Video projectors and screens, beware. There’s a new big-screen display in town that could someday replace annoying two-piece projection systems in the home. Imagine “video walls” built with modular LED panels that piece together with virtually no visible seams.
These “MicroLED” panels were the hit of CEDIA Expo 2018, pitched by several manufacturers including Samsung, whose 146-inch “The Wall” enthralled tens of thousands of CE pros for the first time at CES 2018 in January.
MicroLED panels comprise an array of LEDs – red, green and blue diodes – that are not just small, but “very, very, very small – microscopic in size, in some instances,” says Christopher Simpson, senior business development manager Samsung Electronics America.
In video renderings, blacks are true blacks because the individual diodes turn off – “black is the absence of light” – when the image calls for it. With that, “you get much higher contrast, much better color, and it also lends itself very well to scalability,” Simpson said during a CEDIA Expo Tech Talk moderated by CE Pro’s Jason Knott.
It’s not just image quality and scalability that make MicroLEDs so appealing. It’s that they can go anywhere, including brighter spaces where traditional projection systems fall flat – seriously flat, like washed out. On the other hand, MicroLEDs pop in ambient light, even off-angle.
Calling the picture quality “exceptional” and “in a league of its own,” Simpson says, “You don’t get traditional degradation of image quality from left to right or top to bottom.”
Imagine, then, the places these displays can go in the luxury residential market – outside of the dedicated home theater and into the living room, say, for showcasing digital artwork on a large scale and in custom “canvas” sizes, Simpson explains: “Because it’s modular, it doesn’t have to fit the traditional [TV] form factor.”
Not every masterpiece, after all, comes in a 16:9 aspect ratio.
Even if the client does opt for Samsung’s standard 146-inch rectangle, the software can right-size a virtual frame for any “artwork,” and oglers will swear they’re viewing the real thing with a custom-made cardboard matte.
It’s the same stunning feat Samsung performs with The Frame, a gorgeous LCD that can blend right in with a wall full of framed family portraits or artsy prints. Simpson revealed during the CEDIA talk that Samsung would indeed incorporate some of The Frame’s digital magic into The Wall’s feature set.
Where do the Speakers Go? Center Channels, Anyone?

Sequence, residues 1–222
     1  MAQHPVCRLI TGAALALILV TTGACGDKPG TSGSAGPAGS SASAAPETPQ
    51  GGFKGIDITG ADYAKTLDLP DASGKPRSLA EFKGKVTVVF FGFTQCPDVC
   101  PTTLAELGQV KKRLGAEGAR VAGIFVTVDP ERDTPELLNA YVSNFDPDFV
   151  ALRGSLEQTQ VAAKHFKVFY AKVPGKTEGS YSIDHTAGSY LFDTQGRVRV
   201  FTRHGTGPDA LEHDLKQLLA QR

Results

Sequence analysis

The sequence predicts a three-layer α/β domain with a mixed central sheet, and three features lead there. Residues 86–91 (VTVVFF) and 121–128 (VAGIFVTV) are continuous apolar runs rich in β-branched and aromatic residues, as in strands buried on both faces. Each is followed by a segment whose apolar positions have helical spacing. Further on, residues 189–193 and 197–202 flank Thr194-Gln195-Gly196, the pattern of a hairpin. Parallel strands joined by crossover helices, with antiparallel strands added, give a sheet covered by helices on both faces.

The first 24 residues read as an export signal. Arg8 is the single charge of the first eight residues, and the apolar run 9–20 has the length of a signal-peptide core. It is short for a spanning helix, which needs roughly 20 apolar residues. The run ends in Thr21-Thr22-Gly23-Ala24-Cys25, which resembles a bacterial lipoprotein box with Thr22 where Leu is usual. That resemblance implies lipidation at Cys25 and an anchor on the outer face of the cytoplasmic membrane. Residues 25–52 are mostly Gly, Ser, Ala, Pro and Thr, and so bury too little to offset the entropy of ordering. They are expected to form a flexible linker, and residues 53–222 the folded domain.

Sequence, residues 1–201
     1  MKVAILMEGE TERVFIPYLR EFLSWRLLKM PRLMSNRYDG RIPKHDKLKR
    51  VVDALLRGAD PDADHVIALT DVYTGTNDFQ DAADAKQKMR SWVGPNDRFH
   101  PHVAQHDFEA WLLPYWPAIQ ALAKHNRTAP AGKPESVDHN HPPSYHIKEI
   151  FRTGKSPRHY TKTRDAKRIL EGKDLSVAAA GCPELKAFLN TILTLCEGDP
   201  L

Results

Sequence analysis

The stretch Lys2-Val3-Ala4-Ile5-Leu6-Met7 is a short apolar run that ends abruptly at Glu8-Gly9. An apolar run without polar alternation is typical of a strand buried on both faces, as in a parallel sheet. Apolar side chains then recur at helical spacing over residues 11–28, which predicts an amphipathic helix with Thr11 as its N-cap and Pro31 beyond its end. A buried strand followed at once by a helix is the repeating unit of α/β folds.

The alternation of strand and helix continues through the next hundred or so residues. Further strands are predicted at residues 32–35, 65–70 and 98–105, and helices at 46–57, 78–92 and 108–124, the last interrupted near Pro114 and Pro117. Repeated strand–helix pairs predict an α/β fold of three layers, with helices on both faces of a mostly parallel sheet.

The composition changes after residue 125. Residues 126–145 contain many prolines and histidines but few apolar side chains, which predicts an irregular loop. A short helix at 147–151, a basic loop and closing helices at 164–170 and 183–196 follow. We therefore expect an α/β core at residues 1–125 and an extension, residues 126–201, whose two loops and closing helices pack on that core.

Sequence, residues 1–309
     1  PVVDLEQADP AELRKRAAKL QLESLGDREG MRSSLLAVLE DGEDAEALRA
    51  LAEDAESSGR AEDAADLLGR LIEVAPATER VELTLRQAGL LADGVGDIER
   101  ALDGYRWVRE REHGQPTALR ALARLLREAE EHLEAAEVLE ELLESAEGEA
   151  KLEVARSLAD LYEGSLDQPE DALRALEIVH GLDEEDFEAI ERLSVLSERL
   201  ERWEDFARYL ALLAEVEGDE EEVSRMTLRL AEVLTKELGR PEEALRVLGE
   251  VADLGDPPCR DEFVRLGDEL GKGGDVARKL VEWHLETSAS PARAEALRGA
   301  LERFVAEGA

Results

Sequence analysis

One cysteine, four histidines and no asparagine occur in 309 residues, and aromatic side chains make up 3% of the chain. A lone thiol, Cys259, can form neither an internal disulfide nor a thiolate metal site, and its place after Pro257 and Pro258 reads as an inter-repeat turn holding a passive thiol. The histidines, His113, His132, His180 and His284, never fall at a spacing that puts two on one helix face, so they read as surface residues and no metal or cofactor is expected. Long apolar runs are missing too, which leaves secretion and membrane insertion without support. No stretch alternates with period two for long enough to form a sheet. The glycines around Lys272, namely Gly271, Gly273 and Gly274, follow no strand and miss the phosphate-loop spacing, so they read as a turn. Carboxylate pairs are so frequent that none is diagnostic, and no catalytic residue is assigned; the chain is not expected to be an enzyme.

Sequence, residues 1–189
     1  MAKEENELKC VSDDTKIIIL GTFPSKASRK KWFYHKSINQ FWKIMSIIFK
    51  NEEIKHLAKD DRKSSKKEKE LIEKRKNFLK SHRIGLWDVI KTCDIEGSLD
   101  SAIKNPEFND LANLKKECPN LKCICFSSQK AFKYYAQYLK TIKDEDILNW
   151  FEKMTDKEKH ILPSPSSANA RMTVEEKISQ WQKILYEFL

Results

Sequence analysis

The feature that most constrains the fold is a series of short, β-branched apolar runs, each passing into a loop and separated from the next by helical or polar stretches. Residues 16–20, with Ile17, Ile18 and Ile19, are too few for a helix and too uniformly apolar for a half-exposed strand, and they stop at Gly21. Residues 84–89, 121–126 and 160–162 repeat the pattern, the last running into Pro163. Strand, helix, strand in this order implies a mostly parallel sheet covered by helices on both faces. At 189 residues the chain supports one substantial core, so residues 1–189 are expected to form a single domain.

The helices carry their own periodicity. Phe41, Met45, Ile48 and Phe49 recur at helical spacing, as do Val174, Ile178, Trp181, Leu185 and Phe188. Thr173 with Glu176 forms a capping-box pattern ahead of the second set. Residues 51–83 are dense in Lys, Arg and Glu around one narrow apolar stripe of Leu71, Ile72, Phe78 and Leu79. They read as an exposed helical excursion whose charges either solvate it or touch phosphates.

While big MicroLED arrays – Samsung’s or otherwise – can shine in applications outside a dedicated home theater, they can still rock the dedicated cinema room. The challenge is: Where do you put the speakers?
Joining Simpson on the Tech Talk stage was Jim Garrett, representing the Luxury Audio division of Harman International, a Samsung company. While he gushed about the art-and-architecture potential of The Wall, he acknowledged that many of the products would end up in traditional home theaters with cushy chairs and black-out shades and the finest surround-sound processors … and not a lot of places to put the front speakers.
“All the integrators are typically used to putting the speakers behind the screen – so a perforated or woven screen,” Garrett says. “Obviously now, with a solid surface, it kind of precludes you from doing that.”
The side channels, height channels and rear surrounds should be OK, but when it comes to L/C/R placement, says Garrett, “That’s the aspect of the system that really has to change.”
During the Tech Talk, Garrett runs through a number of options for L/C/Rs, including positioning them across the top of the screen. The problem there is that they get pretty close to the height channels.
Starting at 6:04 in the recorded presentation, Garrett illustrates some of the speaker-placement options for ultra-large displays, and explains pros and cons of each scenario. He continues at 12:00 with more discussion on how to match appropriate speakers to a big wall of video.
What Price MicroLED?
When Jason Knott asked about the price of Samsung’s The Wall, Simpson demurred – let’s face it, the product is expensive – but he did highlight some of the extra features that make MicroLEDs a good “value.”
For example, the LED diodes have a 100,000-hour lifespan to half-life.
“In a commercial application, where you’re running it 10 hours a day, you’re looking at 17 to 20 years before you even reach half your brightness,” says Simpson. “There isn’t a projector in the market that can do that. Even laser projectors don’t have that kind of longevity.”
Furthermore, MicroLEDs don’t consume lamps and filters like projectors do. Simpson suggests you might replace a projector and screen two or three times during the lifespan of a MicroLED display.
For some other interesting highlights of the Tech Talk, skip to 22:50, when Knott imagines the displays as something out of Fahrenheit 451, and Simpson points out some viable and interesting scenarios that would actually “make sense.”
The audience Q&A starts at 23:45 and includes some more technical discussions about Dolby Vision and HDR10, MicroLED and fine-pitch displays in commercial cinemas (15 of them), the “monumental task” of solving audio in these venues, scalability and pixel count, and this: What about glare?
The Wall is on display at Samsung’s East Coast experience center; a West Coast showroom will open in Irvine, Calif. in November. Simpson says Samsung will then look for demo locales between the coasts.